Blood Hands (1990)

As a premise, the home invasion unfurls a plethora of narrative possibilities. Filmmakers might set the stage for a kid-friendly slapstick opus (HOME ALONE), an exercise in sadistic aggression with social commentary (FUNNY GAMES), or a rumination on the dynamic between manhood and brutality (STRAW DOGS). It’s used primarily in horror and thriller films as of late, but the device is somewhat underutilized in the action genre. In Teddy Page’s 1990 film, BLOOD HANDS, a home invasion is used as the impetus to hurl its central character into a protracted feud with a gang of boozing, kickboxing jerks.

Up until finding the lifeless bodies of his mother and father at home, Steve Callahan (Donahue) was having a pretty good day. His girlfriend, Tracy (Landson) professed her love, it was his birthday, and while sparring at his kickboxing school, his coach and prospective father-in-law nodded in something that resembled approval. A giant wet blanket comes in the form of his violated home and pummeled parents left for dead. What kind of animals would do this to such gentle people? Wolves or bears are good guesses, but the most likely culprits are humans.

The leader of the guilty party is champion kickboxer James Clavel (Hourani). After a drunken celebration with his homeboys which accidentally left a convenience store owner dead, the crew stumbled upon the Callahan home to get fresh water for an overheated car radiator. As luck would have it, Diane Callahan just happens to be Clavel’s ex-squeeze, and even though she’s moved on to a new marriage, his old feelings come rushing back with such force that he ended up breaking her neck in a jealous rage. When doting husband Edward (Nicholson) returned home with a birthday cake for his son, the gang greeted him with a fatal beating. The lesson here? Drinking and driving can lead to death, even if you’re not in the car and especially when you fail to monitor the temperature gauge on the thermostat.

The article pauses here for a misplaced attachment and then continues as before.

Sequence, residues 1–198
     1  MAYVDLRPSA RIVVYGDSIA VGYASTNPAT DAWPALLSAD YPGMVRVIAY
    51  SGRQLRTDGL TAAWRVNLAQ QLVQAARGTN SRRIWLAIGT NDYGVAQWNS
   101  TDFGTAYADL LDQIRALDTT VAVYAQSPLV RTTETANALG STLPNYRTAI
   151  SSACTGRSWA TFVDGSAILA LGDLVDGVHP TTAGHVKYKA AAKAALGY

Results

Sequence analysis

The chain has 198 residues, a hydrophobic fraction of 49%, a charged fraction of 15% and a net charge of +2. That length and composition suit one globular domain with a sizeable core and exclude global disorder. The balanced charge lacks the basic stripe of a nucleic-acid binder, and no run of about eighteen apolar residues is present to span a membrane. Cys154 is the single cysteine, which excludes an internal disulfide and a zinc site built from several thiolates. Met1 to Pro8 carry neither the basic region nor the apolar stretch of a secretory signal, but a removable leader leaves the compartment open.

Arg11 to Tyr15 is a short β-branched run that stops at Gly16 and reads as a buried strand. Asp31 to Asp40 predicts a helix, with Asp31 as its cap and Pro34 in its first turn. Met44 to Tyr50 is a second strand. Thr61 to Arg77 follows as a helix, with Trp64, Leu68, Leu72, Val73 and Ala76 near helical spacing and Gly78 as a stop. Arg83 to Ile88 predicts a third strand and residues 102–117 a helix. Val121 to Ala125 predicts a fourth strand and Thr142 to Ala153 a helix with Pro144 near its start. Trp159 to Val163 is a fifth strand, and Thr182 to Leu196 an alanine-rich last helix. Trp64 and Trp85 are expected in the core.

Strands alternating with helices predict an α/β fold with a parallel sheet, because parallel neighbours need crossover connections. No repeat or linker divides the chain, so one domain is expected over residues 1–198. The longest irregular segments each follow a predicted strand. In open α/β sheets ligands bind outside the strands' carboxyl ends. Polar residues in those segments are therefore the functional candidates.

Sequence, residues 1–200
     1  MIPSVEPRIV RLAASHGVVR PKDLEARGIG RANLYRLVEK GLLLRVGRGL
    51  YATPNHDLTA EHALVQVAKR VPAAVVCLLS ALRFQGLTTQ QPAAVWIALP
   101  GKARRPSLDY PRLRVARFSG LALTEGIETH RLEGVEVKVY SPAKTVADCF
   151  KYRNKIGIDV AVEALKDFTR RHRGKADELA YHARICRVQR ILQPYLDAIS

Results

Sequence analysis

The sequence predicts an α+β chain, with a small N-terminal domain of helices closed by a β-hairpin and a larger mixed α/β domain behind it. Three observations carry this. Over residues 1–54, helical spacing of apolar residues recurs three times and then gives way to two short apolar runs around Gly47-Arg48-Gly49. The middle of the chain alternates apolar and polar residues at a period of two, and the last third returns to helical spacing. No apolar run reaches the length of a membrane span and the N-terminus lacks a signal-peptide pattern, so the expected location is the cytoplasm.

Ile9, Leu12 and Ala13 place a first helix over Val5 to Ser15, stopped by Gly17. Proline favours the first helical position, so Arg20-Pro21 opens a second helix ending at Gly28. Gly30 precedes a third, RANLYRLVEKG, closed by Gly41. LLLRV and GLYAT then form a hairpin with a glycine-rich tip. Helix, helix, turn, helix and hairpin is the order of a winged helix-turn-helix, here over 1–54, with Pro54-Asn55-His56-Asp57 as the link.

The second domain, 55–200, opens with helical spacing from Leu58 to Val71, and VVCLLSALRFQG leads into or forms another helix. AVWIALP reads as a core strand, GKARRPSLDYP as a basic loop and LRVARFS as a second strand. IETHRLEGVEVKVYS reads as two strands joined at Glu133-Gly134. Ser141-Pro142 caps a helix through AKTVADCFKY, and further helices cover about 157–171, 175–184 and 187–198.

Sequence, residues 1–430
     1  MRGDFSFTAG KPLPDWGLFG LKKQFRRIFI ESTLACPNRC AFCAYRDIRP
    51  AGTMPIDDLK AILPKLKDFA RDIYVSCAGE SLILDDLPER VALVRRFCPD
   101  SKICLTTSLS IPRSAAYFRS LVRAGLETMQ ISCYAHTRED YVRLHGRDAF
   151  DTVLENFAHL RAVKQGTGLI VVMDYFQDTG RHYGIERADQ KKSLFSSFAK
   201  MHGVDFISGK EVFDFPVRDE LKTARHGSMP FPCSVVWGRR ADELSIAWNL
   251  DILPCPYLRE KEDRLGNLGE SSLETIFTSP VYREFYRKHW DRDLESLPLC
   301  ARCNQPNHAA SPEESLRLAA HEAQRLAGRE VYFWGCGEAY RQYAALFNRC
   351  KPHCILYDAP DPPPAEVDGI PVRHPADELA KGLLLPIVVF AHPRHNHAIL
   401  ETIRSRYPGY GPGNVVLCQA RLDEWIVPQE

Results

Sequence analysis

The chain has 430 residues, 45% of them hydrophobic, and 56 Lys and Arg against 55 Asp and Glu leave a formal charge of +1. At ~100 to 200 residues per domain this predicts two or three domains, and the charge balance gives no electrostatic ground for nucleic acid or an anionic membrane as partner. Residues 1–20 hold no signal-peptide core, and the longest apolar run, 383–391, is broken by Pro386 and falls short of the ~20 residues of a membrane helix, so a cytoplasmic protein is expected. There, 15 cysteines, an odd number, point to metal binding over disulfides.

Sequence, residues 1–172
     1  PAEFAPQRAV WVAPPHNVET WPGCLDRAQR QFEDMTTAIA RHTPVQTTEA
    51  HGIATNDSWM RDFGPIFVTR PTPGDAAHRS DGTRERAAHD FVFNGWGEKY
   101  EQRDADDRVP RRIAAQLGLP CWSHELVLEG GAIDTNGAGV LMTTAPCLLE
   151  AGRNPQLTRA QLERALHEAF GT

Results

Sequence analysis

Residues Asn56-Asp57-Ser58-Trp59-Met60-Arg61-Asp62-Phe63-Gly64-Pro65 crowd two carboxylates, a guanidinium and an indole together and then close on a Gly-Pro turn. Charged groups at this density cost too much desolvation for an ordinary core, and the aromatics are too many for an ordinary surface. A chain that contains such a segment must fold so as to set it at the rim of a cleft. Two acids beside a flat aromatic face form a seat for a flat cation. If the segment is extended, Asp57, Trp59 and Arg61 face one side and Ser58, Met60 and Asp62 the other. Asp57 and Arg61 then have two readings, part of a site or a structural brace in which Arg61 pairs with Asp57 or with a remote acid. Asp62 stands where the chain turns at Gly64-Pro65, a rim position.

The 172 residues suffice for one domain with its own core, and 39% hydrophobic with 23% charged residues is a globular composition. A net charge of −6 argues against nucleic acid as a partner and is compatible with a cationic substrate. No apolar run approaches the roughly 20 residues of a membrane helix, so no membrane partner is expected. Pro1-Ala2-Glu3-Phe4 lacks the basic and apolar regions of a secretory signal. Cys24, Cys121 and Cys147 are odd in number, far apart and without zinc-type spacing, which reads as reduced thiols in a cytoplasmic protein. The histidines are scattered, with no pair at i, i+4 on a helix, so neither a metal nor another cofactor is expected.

The only clue left behind at the scene of the crime, not to mention the biggest one the cops overlook, is a championship kickboxing medallion torn from the neck of Clavel’s buddy, George (Moss). Tracy brings it to Steve and begs him to take it to the police instead of trying to chase clues on his own. While the medallion gives Steve a solid lead on the perpetrators, they’re also on the hunt to recover it, and the respective pursuits lead to more trouble than Steve bargained for. All the while, Tracy begs for her love to quit this path of vengeance; he’s no murderer and she doesn’t want to see his hands “stained with blood.” However, seeking justice requires you to occasionally get your hands dirty. Sometimes you need to get your hands stained … with BLOOD.

Director Teddy Page’s other blood-based film, BLOOD CHASE, also dealt with both protagonists and antagonists pursuing the same objective while alternately pursuing each other. There’s something similar going on in this film, but it’s more streamlined and easier to follow. Is the inciting incident believable? That depends on how much stock you place in the ability of cheap beer to cause homicidal behavior. So while the story’s not perfect, or even that logical, it’s engaging to watch unfold.